So, what if the World’s took a different method – adding up the final placings in each event (i.e., first place overall in [event] gets 1 point, second place gets 2 points, etc.), rather than separate judges’ placings?
In the case of the 2022 World’s Grade 1 events, several outlier results from judges stand out, including a seventh in drumming for SFU from one judge, while the other three judges had them first in the other three events. One piping judge gave the same band an eleventh, while the SFU pipe section received substantially better marks from the other seven piping judges. SFU ultimately finished sixth overall.
You get the picture.
We decided to recalculate the contest based on the final placing from each of the four events.
Would the final results change?
Using the final overall placings in each event, the results did not change, but they appeared much closer.
Namely, Field Marshal Montgomery and Inveraray & District at the top. FMM had a first, two seconds and a third for a total of eight points, while Inveraray had a first, two seconds and a fourth for nine points.
ScottishPower had 14 points, and St. Laurence O’Toole got 17. Peoples Ford Boghall & Bathgate Caledonia tied with Simon Fraser University with 19 points, then tied again, with each having a total of 21 ensemble points. They would have to go to the second tie-breaker, combined piping scores, which gave Boghall the fifth prize with 36 points against SFU’s sixth-prize-winning 46 piping points.
Police Scotland & Federation also tied with St. Thomas Alumni, again going to the second tie-breaker of combined piping scores, with the Feds remaining in ninth and St. Thomas in tenth.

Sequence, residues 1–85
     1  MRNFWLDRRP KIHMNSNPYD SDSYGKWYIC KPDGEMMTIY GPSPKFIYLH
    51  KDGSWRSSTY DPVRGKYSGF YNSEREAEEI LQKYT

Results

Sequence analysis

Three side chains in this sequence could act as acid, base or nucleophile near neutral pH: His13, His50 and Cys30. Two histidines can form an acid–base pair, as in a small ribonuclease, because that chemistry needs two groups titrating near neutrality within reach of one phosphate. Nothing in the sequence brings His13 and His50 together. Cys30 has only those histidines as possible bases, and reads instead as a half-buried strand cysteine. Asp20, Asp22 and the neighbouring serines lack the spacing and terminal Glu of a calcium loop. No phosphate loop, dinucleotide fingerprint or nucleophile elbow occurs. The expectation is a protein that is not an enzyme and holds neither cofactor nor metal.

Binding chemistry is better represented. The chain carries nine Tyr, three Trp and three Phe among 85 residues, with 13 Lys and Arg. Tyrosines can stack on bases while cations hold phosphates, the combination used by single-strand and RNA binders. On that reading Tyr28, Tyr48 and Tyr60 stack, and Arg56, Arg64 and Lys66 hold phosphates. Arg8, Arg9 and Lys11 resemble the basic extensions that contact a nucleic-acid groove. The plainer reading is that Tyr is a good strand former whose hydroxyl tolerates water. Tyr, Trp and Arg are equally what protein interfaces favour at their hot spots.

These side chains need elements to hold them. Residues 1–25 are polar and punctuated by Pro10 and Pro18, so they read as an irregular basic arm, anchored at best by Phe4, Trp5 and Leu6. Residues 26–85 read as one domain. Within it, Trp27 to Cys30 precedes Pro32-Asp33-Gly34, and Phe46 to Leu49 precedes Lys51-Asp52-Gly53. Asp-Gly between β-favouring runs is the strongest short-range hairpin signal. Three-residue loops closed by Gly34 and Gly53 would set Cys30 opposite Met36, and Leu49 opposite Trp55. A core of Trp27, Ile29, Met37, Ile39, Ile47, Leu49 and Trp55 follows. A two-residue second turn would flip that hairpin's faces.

Here’s a spreadsheet using the final placings method, with ties and tie-breakers shown (click to see larger pdf):
Looking back at past Grade 1 World’s – the only RSPBA championships decided by more than one contest – final results would rarely change if they were calculated by final placings in each event, with the same tie-breakers.
Where they would change, occasionally even with a different World Champion, is if the tie-breaker were the overall placing in the MSR, which would be like the system used for solo piping competitions with multiple events. The more traditional Piobaireachd result is the deciding event if there is a tie in aggregate points.
Using that method – combining final placings in each event with the more traditional MSR as the tie-breaker, Inveraray & District would have been World Champions in 2014 and 2016 over actual winners Field Marshal Montgomery. Field Marshal Montgomery would have won in 2008 over SFU. Field Marshal Montgomery over Shotts & Dykehead Caledonia in 2005. SFU over FMM in 2004. And who knows how many World titles before then?
Now, this is by using the MSR or MSRs as the tie-breaker. The Medley(s) could just as well be the system. This is just one imaginative method that seems to follow the system used forever in solo piping.
The question of which method might be more accurate is up for debate or, perhaps, a project for the statisticians among us. (If you’re an expert in stats, please feel free to contact us.)
Even though some appear unaware of them, the rules were followed, and the results aren’t in dispute.
But perhaps, given the high stakes for the bands, clearer rules and improved communication of them might be in order and appreciated.
What are your thoughts? We welcome them, as always. Just use our Comments feature that follows to provide either attributed or anonymous observations.